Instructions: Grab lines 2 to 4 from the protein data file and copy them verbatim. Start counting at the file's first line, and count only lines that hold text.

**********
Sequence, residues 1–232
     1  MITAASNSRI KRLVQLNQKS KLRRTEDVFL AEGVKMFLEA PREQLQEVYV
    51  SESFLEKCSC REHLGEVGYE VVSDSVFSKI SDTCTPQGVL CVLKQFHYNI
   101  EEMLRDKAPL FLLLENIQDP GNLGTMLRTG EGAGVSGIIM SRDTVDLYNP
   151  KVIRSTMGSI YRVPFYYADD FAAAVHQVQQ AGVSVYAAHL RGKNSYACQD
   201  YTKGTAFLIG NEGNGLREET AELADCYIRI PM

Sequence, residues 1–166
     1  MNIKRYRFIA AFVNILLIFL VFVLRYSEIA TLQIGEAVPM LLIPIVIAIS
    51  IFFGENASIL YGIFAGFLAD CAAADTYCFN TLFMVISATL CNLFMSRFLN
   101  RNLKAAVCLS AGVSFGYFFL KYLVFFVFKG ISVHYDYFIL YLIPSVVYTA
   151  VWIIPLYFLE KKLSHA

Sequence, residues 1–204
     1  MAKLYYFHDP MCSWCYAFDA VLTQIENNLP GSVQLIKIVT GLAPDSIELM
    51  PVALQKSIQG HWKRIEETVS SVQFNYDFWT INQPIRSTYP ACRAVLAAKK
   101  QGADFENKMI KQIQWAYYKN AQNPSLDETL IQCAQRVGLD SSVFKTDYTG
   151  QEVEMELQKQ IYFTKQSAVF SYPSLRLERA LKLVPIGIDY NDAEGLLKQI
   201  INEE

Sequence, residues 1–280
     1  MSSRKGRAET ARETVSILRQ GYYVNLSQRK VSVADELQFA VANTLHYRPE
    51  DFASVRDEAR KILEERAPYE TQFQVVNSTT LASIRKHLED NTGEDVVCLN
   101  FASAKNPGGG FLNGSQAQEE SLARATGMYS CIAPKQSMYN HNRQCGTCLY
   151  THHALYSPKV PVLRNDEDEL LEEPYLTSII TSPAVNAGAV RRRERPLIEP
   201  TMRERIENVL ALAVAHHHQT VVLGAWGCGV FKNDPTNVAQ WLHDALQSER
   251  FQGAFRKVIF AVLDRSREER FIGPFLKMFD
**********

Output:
     1  MITAASNSRI KRLVQLNQKS KLRRTEDVFL AEGVKMFLEA PREQLQEVYV
    51  SESFLEKCSC REHLGEVGYE VVSDSVFSKI SDTCTPQGVL CVLKQFHYNI
   101  EEMLRDKAPL FLLLENIQDP GNLGTMLRTG EGAGVSGIIM SRDTVDLYNP